The COVID-19 variant identified in England last month could carry a higher risk of causing death although data is limited, according to one of the government's scientific advisory groups, ITV political editor Robert Peston said on Twitter on Friday.
Early evidence suggests the variant of coronavirus that emerged in the UK may be more deadly, Prime Minister Boris Johnson said.
"In addition to spreading more quickly, it also now appears that there is some evidence that the new variant - the variant that was first identified in London and the south east - may be associated with a higher degree of mortality," Johnson said.
"It's largely the impact of this new variant that means the NHS is under such intense pressure."
While the new variant is more contagious, Britain's chief health and science officials have so far said there was no evidence that it was more lethal or caused more serious illness.
However, Peston said the government's New and Emerging Respiratory Virus Threats Advisory Group (Nervtag) had now concluded it "may be a bit more lethal than the existing strain."
He cited a statement from Neil Ferguson, an Imperial College professor and Nervtag member, as saying: "It is a realistic possibility that the new UK variant increases the risk of death, but there is considerable remaining uncertainty."
No one was immediately available for comment from Britain's Department of Health, which covers Nervtag.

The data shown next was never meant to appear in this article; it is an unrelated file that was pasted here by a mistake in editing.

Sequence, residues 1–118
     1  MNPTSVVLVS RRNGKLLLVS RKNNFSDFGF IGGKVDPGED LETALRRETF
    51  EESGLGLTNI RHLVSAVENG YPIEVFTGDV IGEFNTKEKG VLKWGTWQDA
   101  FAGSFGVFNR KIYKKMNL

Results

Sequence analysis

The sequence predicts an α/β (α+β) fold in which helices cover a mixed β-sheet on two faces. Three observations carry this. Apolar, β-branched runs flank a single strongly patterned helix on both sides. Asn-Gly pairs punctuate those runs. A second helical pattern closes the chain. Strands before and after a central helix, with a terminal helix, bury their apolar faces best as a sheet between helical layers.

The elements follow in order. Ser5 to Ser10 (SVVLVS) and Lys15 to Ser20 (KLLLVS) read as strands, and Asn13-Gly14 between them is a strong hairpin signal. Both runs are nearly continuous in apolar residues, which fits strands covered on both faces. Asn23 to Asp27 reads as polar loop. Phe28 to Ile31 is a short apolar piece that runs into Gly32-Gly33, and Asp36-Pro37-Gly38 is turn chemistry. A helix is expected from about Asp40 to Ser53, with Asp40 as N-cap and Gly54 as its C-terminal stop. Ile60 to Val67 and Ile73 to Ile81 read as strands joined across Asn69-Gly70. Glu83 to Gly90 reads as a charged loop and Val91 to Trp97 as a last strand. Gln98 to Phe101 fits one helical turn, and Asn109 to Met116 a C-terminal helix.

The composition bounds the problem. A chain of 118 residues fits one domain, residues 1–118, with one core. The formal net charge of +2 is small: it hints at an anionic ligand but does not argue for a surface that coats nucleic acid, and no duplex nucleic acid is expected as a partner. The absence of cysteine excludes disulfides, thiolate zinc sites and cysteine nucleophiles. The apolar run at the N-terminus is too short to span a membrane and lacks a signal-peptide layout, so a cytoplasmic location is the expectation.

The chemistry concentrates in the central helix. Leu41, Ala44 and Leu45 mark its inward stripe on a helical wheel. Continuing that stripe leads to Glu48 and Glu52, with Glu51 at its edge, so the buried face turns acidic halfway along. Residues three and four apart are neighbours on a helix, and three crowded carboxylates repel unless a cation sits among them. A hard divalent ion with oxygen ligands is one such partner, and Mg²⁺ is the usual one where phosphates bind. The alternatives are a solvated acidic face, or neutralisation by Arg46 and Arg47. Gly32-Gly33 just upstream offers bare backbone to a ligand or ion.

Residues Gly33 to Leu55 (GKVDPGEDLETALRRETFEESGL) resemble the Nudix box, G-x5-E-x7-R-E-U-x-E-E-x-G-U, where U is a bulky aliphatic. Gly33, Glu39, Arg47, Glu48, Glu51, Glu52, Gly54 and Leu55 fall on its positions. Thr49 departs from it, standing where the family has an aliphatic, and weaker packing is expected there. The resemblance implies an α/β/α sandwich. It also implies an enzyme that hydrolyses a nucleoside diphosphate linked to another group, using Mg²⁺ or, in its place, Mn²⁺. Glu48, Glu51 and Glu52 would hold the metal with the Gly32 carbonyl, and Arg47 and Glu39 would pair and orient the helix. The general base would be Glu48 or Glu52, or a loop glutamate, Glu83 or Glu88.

The statement cited by Peston set out a 1.3-fold increased risk of death with the variant, but also highlighted that only some types of testing could specify which variant of the virus a patient had contracted.
"The big caveat is that we only know which strain people were infected with for about 8% of deaths," Peston quoted Ferguson as saying, also setting out further limitations on the available data.
Sir Patrick Vallance, the government's chief scientific advisor, told the BBC that the evidence on lethality "is not yet strong".
He said: "I want to stress that there's a lot of uncertainty around these numbers and we need more work to get a precise handle on it, but it obviously is a concern that this has an increase in mortality as well as an increase in transmissibility."
The new variant appears to be around 30% more deadly.
For example, with 1,000 60-year-olds infected with the old variant, 10 of them might be expected to die. But this rises to around 13 with the new variant.
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